Proposed bans on certain types of guns and large-capacity ammunition magazines are now being pushed in the Illinois House of Representatives.
The proposed bans are the same ones that Chicago Democrats attempted to pass last week in the Illinois Senate. The measures now are part of legislation filed Saturday in the House by Rep. Edward Acevedo, D-Chicago.
House members are in Springfield through Tuesday for a lame-duck session in the final days of the 97th General Assembly.
The proposed ban of what the bill calls assault weapons and large-capacity clips is outlined in an amendment to Senate Bill 2899, a bill that originally involved probation officers.
It would ban specific semiautomatic guns such as the Colt AR-15, the Intratec Tec-9, the Beretta AR-70, Kalashnikovs, and makes such as Norinco and Uzi. It also would ban any semiautomatic shotgun that has a revolving cylinder, a folding or telescoping stock, a pistol grip or thumbhole stock, or a shroud that encircles the barrel to prevent burning the shooter's non-trigger hand.
It also would ban any semiautomatic pistol that can accept a detachable magazine and has one of five other characteristics, such as a weight exceeding 50 ounces when unloaded.
In addition, it would ban semiautomatic rifles with a fixed magazine that can accept more than 10 bullets. Also on the list: semiautomatic rifles that accept detachable magazines and have one of three other characteristics, such as a pistol grip or thumbhole stock.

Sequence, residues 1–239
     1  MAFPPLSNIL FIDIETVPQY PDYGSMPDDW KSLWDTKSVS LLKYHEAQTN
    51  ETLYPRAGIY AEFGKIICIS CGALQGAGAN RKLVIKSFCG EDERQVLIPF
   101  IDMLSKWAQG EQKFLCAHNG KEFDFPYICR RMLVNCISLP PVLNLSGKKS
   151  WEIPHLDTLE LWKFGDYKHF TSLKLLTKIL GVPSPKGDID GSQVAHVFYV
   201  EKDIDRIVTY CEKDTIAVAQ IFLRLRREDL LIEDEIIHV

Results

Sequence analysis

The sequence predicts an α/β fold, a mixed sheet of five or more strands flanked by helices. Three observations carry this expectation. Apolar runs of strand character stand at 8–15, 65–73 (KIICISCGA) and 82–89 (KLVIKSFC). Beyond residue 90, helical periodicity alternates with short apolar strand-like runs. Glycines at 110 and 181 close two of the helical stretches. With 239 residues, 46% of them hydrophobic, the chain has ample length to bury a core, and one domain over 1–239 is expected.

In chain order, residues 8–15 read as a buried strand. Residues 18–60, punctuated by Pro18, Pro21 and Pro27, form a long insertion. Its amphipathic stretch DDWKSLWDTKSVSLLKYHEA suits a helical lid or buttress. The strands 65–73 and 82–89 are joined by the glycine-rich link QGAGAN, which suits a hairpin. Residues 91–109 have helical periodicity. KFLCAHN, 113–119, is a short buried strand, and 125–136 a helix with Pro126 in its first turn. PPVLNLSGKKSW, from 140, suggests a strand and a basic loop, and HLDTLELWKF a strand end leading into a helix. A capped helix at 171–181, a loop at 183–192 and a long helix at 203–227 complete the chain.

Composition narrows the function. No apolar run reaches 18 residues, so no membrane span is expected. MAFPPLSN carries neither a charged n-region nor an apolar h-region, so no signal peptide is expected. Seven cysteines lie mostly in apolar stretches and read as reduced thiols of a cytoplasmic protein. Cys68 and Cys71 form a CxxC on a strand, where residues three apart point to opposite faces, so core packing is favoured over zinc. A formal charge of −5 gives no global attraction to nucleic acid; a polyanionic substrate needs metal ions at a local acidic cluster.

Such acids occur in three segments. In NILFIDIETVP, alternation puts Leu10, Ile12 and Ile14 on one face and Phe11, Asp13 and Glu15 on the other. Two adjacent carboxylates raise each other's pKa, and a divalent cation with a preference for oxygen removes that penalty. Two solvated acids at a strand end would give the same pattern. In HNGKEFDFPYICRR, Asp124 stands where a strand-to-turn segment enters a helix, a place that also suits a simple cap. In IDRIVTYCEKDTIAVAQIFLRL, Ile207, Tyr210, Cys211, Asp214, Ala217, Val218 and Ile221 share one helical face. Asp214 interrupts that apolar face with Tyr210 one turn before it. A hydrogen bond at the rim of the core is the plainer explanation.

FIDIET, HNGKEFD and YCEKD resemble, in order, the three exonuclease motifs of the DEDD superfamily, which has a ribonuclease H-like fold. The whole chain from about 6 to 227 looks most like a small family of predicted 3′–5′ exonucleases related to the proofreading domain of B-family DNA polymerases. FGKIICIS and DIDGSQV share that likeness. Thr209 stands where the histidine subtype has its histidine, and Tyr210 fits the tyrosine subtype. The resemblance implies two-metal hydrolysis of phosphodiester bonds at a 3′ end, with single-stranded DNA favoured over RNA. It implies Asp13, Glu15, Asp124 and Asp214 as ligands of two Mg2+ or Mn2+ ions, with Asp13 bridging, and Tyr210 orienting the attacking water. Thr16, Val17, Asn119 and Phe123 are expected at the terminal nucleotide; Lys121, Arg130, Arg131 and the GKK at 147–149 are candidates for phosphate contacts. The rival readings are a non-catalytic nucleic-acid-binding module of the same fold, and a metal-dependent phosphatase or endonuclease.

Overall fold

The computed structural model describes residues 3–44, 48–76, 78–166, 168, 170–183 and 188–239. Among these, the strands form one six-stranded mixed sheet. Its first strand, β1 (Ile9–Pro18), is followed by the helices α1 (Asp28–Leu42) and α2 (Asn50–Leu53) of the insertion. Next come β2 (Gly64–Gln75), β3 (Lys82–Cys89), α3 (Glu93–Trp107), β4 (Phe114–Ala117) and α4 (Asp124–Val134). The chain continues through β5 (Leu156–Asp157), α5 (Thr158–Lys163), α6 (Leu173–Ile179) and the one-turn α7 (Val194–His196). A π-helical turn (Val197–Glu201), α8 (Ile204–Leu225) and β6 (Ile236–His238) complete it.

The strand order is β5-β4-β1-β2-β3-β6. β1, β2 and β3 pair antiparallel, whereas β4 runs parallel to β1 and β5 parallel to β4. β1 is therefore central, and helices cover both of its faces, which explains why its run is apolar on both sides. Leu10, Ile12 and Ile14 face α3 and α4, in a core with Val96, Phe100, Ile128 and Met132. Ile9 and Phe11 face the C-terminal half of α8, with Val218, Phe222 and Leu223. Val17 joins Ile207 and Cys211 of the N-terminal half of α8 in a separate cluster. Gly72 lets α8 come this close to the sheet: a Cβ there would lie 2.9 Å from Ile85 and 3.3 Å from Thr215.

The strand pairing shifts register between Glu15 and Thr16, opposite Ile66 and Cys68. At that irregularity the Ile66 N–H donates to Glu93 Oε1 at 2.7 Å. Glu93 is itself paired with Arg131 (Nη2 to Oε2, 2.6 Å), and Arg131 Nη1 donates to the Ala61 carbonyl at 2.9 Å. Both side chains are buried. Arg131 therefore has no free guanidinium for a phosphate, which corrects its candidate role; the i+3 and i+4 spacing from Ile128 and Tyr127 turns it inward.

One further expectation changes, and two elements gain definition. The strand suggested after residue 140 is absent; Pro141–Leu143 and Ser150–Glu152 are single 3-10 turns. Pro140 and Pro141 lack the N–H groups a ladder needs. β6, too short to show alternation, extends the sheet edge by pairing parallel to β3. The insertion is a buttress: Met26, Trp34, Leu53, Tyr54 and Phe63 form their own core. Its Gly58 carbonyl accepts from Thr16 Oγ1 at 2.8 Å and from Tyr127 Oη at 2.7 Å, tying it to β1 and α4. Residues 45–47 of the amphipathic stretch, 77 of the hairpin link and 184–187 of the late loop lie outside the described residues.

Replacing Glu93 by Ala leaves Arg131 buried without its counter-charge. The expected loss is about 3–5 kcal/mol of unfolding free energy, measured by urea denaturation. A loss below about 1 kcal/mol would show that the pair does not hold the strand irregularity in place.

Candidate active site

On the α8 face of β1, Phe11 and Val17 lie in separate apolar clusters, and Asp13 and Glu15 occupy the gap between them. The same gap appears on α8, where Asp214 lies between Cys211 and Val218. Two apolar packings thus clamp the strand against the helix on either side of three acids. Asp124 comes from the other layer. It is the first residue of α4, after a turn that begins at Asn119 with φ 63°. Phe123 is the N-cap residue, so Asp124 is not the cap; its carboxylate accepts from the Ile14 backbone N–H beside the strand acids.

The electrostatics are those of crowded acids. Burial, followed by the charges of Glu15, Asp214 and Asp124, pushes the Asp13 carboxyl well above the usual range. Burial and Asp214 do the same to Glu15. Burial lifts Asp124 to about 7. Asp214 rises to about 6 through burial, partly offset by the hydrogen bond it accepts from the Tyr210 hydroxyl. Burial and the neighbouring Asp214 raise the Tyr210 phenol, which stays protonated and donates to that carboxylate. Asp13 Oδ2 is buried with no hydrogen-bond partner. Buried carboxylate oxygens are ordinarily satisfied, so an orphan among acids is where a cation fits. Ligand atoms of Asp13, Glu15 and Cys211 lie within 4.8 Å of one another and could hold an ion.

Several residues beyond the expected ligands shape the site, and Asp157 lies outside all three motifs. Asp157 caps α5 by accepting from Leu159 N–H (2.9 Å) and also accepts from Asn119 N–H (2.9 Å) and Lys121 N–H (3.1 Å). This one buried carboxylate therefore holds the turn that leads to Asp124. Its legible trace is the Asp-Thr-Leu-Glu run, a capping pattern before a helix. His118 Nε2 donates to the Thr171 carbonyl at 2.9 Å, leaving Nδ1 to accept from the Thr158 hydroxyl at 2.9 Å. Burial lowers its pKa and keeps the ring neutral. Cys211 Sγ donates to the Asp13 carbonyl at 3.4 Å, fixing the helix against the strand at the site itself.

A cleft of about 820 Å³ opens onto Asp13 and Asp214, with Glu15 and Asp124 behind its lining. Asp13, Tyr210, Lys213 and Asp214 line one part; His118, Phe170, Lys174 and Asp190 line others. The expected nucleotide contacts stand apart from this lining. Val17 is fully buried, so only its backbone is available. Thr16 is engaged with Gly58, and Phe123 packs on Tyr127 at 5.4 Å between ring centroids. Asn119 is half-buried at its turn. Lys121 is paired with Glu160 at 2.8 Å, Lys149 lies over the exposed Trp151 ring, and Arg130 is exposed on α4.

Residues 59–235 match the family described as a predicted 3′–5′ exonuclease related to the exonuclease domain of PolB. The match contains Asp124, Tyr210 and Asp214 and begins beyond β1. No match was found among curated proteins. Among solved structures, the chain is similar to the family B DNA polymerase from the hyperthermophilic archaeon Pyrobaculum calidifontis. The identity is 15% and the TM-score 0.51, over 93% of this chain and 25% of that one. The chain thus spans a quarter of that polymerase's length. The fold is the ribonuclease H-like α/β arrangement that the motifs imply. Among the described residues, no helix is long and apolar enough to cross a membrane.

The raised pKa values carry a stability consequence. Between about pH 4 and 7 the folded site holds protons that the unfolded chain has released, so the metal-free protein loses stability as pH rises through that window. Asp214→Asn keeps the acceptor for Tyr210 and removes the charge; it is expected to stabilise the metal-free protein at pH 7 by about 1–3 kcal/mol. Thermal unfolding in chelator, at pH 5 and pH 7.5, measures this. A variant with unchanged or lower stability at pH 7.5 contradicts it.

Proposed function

A similar proposal cleared a Senate committee Wednesday, but the Chicago Democrats who were pushing it decided against calling it for a full vote before the Senate, apparently because they lacked enough votes to pass it. They had been counting on support from one or more senators who were absent.
The measure in the House is expected to be heard Sunday by the Judiciary Civil Law Committee. If the committee approves the bill, it would go to the House floor for a vote. Then it would need approval in the Senate and the signature of Gov. Pat Quinn to become law. Quinn has been pushing for such a ban.
People who already own any of the listed weapons would be able to keep them, but the weapons would have to be registered with Illinois State Police, at a fee of $10 or $15 per gun.
Passing a gun ban in the House probably won't be any easier than passing one in the Senate. Last year, the House nearly passed a bill allowing the concealed-carry of firearms, and that measure required a super-majority for passage. But gun opponents believe bans on assault weapons now have more support, after the Connecticut shootings that claimed 26 lives at a school.
Contact reporter Brian Brueggemann at firstname.lastname@example.org or 239-2511.